I want to start using vertex and fragment programs. I’ve found a lot of info on vertex programs, but if I look up fragment info on nvidias developers website all I get is texture and pixel shader demos. Can you only use fragment programs with cg? Or is there an opengl extension I should be looking for (tried looking for NV_fragment_program)? Basically I want to get away from combiners and start working on programing the gpu.
fragment programs are only on dx9 gen cards - ie Radeon 9700 thru GL_ATI_FRAGMENT_PROGRAM extension (anyone seen a spec yet?) and the yet-to-be-released NV30 from NVIDIA with GL_NV_FRAGMENT_PROGRAM (spec for this just released- is on nv site). any cards older than this you are stuck with register combiners or fiddling with tex-env parameters.
ARB is supposedly working on a GL_ARB_FRAGMENT_PROGRAM spec - and that is about all the info i’ve heard about it. perhaps it will be based on GL_ATI_FRAGMENT_PROGRAM…?
Basically I want to get away from combiners and start working on programing the gpu.
When you use NV_register_combiners you ARE programming on the GPU. If you want to use NV_fragment_program then you NEED a NV3x based card. NV_fragment_program will only run in software on any geforce less. Just like how NV_texture_shader runs in software on the original GeForce and GeForce 2, but in hardware on the GeForce 3/4 Ti. Sure you can do fragment programs in Cg, but the NV_fragment_program extension by itself is similar to vertex_program, meaning its assembly language like how vertex_program is. Cg just converts the ‘C’ code to this asm code which is what the GPU understands. NVIDIA also has released a pdf that has some of the new extensions for the NV30 and NV_fragment_program is in there.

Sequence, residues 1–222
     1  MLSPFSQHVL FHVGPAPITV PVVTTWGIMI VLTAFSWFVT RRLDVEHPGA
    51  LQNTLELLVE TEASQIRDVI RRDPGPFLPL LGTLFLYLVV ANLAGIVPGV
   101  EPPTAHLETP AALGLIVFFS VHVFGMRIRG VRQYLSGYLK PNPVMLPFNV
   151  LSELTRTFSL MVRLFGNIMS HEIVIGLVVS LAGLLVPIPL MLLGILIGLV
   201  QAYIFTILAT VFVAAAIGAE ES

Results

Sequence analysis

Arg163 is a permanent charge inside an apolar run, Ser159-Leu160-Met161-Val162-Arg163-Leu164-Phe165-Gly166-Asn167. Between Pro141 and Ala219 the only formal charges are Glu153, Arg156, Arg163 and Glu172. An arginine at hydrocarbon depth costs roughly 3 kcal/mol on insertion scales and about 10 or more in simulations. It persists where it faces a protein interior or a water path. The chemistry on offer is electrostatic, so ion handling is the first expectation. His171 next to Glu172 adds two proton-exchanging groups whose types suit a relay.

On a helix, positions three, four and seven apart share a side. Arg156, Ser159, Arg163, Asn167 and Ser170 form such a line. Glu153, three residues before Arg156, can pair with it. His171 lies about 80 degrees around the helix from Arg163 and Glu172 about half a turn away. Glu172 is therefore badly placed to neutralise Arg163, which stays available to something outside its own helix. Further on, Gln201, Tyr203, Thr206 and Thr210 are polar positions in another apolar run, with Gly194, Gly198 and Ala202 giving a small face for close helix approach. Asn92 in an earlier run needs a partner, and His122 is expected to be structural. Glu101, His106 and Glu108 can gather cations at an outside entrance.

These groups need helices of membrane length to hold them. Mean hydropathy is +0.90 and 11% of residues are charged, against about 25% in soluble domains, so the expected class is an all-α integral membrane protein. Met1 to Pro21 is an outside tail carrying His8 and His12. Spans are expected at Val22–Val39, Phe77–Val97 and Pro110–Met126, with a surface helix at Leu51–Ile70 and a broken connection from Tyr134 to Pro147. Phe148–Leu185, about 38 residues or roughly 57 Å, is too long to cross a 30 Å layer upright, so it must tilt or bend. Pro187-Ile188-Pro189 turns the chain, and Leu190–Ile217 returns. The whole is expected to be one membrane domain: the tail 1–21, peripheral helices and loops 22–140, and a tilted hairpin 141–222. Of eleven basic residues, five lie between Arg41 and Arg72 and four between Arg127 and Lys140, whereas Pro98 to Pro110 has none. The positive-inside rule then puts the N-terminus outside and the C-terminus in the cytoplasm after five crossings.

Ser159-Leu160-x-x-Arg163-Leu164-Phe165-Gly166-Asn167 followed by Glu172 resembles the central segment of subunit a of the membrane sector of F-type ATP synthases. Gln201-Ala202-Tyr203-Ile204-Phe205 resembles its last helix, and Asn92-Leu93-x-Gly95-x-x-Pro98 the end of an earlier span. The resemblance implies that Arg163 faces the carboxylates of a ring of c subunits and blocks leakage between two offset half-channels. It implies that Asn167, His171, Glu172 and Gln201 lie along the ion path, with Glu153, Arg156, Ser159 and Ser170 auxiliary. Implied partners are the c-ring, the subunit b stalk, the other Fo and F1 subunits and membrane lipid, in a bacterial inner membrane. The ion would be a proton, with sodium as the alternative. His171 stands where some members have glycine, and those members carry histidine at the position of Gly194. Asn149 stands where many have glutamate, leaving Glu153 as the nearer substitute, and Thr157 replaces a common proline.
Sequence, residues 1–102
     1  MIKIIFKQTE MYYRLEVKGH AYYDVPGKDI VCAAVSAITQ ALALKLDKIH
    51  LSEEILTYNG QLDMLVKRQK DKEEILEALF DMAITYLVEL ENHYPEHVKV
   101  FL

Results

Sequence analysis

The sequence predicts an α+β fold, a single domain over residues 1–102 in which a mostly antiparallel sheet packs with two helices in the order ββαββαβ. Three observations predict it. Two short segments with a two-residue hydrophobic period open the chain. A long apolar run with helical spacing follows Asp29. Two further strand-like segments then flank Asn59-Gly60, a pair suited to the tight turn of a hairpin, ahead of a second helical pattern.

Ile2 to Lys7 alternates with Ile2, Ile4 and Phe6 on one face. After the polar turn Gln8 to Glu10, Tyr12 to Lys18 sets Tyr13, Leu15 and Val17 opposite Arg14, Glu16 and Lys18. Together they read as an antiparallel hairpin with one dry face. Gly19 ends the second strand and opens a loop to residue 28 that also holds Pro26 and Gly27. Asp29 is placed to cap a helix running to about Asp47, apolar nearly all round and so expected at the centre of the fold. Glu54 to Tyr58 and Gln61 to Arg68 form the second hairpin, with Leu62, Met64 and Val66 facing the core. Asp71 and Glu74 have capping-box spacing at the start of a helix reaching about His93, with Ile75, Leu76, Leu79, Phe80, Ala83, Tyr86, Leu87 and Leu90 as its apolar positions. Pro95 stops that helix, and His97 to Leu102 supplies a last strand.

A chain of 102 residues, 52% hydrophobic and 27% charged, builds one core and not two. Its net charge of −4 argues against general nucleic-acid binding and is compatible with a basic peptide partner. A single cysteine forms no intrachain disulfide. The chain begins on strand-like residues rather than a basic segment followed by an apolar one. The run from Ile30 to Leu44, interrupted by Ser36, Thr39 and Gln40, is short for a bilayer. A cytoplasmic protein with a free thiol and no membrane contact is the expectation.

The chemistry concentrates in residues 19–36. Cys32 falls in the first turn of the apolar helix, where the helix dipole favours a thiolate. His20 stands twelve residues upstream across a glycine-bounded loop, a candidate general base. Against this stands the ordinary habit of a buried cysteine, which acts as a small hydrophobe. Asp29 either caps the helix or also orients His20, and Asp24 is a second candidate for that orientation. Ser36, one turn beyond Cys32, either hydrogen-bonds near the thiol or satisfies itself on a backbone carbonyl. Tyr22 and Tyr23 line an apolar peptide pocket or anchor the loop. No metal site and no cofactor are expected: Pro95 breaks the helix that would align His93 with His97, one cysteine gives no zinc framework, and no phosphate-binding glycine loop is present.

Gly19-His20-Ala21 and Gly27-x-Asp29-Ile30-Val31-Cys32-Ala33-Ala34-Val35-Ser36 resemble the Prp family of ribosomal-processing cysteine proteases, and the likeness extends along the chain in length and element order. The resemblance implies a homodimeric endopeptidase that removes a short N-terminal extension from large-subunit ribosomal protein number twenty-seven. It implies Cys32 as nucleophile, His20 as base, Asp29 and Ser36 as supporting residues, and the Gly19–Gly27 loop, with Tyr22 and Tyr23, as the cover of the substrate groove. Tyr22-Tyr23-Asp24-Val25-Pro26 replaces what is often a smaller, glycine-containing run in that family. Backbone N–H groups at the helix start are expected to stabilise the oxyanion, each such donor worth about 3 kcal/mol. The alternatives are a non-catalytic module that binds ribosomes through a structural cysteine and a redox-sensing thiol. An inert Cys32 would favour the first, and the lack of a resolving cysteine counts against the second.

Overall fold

I didn’t realize that the extension is so new (explains why I had difficulty finding info). I was hoping to use it for a gf3/4 driver for my game. Looks like I should stick to texture shaders.
I realize that technically combiners are programming the gpu, but gpu code feels so much cleaner than making hundreds of hard coded c calls. Plus the gpu code can be compiled on the fly (right?). That should make debugging a breeze, I should be able to edit the code while the engine is running, recompile, and then reload the program and instantly see the changes (assuming no parameter changes). Maybe this is a little optimistic (seeing how I don’t know very much about the programs in the first place), but it seems so flexible.
Btw: If I’m real of the mark on this feel free to ruin my grand illusions, I would rather find out now than later…
Thanks for the help!
you can use nvparse for your “problems”. it can realtime setup textureshaders by a texshader scripting language, register combiners by a rc scripting language, or both with dx8 pixelshader assembler language… at runtime, of course…
I’ll take a look at that. It sounds exactly like what I’m looking for.
Plus the gpu code can be compiled on the fly (right?). That should make debugging a breeze, I should be able to edit the code while the engine is running, recompile, and then reload the program and instantly see the changes (assuming no parameter changes).
That’s one of the nice things about the Cg compiler, is that you are allowed to do stuff like this without having to recompile everytime you make a small shader change. I havn’t tried this out yet myself though.
You still have to recompile a program if you’ve made a source change. Did I misunderstand what you were talking about, SirKnight?
Of course, the compilation is very fast since the programs are small.
No what I meant is that you dont have to re-compile your WHOLE program, you know like your C/C++ code part, just the shader. Since the Cg compiler can be setup to compile shader code at app run time. I should have made what I said more clear, sorry for the confusion.
[This message has been edited by SirKnight (edited 09-07-2002).]
Heh, now that I re-read my other post I can see why it was confusing. I don’t know why in the hell I worded it like that. That was just horrible.